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                • #9
                  We have an extraction system that works really well. I wash my turnouts after any major incident or if it gets dirty and starts to look dingy.

                  ------------------
                  Captain James Collier
                  McMahan Fire Rescue
                  KCTCS Area 6 Instructor

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                  • #10
                    I use an extractor and air dry or use a drying room.

                    As for gear bursting into flame I actually saw it once. After a long day of burning(training), one arsonist came out of the building and his back was off. His gear was a mess with ash and who know what else. That was more than enough proof for me. (Note this is once in 10 years I say it.)

                    Another reason I was my gear is so when I run a wreck or a smells and bells call I don't smell like I just came back from a 3 alarmer. I take care of my gear so it can take care of me.

                    ------------------
                    Keep Safe!

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                    • #11
                      klingerjr33 - honey brook, eh?

                      [This message has been edited by WillB (edited 06-01-2001).]

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                      • #12
                        jizumper-5,
                        Burning gear in a burn building is not uncommon at all. In fact, I teach at a fire academy and have burned numerous sets, but it was all burned due to the excess heat and not because of being dirty. In fact, to support this argument, I burned a brand new set of Morning Pride 1 hour after taking it out of the box and that set didn't even have dust on it yet. For the record, I've also burned up a few helmets, and even an SCBA harness. Structural gear is just not made to withstand the constant high temperatures generated in most burn buildings. Again, don't think I'm saying not to wash your gear, I'm just not really convinced of the danger in not keeping it clean.

                        ------------------
                        Mike Gentili, Capt.
                        New Bedford Fire Dept.

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                        • #13
                          Most departments in my area use the same commercial laundry service. If you're going on vacation or leaving town for a couple of days we have someone drop our gear off and it's all clean when we get back. All at department expense, of course.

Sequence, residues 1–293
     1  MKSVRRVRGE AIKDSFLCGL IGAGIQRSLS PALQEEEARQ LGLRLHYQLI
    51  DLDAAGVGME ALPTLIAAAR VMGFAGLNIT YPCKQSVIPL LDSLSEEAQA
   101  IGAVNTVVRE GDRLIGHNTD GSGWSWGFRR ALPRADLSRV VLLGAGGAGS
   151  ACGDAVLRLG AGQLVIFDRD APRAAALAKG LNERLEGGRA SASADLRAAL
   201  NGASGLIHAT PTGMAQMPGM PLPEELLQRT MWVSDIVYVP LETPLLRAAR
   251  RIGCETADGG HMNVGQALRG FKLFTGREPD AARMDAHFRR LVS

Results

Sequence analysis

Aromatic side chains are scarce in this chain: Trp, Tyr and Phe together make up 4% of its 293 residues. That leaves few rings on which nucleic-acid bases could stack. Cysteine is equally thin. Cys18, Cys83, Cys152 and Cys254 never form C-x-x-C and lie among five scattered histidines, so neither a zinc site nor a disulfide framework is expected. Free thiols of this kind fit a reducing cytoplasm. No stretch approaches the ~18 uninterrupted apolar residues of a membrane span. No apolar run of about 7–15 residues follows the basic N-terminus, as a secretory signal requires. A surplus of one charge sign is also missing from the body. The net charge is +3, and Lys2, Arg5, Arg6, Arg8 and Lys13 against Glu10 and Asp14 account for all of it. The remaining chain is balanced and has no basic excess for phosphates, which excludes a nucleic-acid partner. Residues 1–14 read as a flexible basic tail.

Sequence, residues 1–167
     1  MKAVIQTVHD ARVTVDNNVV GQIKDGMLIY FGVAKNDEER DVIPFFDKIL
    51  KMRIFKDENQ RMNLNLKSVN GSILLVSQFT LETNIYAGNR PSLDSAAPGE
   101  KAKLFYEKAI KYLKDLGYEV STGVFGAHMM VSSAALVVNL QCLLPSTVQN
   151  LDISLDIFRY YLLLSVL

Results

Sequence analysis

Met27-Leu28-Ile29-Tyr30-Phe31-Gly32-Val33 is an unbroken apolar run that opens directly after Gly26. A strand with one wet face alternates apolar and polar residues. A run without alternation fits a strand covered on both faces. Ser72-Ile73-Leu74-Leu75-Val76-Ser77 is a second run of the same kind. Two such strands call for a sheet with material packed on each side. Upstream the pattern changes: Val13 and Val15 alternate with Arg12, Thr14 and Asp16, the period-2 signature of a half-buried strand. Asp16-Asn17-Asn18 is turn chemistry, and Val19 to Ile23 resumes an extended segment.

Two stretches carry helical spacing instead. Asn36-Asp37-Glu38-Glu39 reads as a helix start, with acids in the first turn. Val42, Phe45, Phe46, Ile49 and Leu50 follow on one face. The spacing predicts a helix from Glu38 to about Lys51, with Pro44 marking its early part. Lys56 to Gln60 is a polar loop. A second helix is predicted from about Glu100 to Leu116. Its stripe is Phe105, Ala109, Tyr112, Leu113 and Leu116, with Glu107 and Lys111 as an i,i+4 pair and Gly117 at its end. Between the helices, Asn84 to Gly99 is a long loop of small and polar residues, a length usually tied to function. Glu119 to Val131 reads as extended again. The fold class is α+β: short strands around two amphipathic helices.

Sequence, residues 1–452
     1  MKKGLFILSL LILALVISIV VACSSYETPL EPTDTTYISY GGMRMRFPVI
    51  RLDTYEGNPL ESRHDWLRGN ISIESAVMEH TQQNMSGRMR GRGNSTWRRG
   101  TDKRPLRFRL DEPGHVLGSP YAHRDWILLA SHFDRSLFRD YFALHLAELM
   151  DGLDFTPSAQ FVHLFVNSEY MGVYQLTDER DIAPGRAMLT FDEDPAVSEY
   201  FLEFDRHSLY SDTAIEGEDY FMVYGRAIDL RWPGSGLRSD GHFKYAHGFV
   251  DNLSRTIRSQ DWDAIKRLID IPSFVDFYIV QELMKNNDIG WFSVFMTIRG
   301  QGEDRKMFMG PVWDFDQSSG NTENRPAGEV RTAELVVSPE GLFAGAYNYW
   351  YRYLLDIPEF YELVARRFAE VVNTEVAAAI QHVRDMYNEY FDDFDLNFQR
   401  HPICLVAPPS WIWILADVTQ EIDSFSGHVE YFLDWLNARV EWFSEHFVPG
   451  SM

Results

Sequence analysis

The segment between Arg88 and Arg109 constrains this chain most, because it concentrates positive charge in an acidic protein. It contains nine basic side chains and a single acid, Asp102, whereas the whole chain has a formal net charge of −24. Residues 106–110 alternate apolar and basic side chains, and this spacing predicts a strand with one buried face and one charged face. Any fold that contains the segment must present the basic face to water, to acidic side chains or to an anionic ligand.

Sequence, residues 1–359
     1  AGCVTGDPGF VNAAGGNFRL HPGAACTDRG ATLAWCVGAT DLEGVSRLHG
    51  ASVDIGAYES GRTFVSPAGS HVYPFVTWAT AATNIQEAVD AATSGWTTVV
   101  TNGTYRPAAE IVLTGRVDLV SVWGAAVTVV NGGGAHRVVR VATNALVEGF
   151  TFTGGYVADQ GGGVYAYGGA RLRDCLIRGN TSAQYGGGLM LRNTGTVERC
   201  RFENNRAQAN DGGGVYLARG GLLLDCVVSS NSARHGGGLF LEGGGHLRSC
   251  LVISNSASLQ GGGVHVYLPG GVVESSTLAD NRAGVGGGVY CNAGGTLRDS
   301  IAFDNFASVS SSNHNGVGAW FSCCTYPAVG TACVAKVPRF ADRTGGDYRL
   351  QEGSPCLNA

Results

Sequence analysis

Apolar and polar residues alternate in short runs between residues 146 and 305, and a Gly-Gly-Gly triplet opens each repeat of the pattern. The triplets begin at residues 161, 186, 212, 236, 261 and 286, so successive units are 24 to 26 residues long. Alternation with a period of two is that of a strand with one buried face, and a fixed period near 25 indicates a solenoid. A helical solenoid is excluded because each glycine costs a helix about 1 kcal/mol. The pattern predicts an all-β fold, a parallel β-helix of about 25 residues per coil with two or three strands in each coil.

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                          • #14
                            We to clean our gear in a heavy duty washer, with a mild detergent, hosing off the heavy debris is a must. I have noticed that with my Nomex hood when it is clean and free of debris that my ears don't seem to get as hot, also the knee and elbow patches, will the burn up or catch fire most likely not but why take the chance. Mostly I would think that they want you co clean your gear so that particle don't get in between the small fibers and start to break the phyical structure down, just as recuse ropes, dive, and repelling ropes, should not be stepped on, again forcing irritants into the piece weakening them. I know it looks seasoned and tough, but the toughest are the weakest when injured. Stay safe, and remember you have to go home to your family and loved ones after each call and or shift.

                            Comment


                            • #15
                              I would say that water is the best thing for it, the more chemicals you can keep away from your gear the better you are. I personally take my gear to a dry cleaner, then know exactly what to do with it, and every time I have got it back it has looked new. I don't recommend this for everyone, but it works for me. Now I would like to say a couple of more things, if you do get into washing it yourself, call the manufacturer of your gear and ask them what kind of detergant to use. They will know. and another thing, don't dry your gear in the sun, it breaks down the materials in your gear. Good luck!

                              ------------------
                              Chris Glidden
                              Training Officer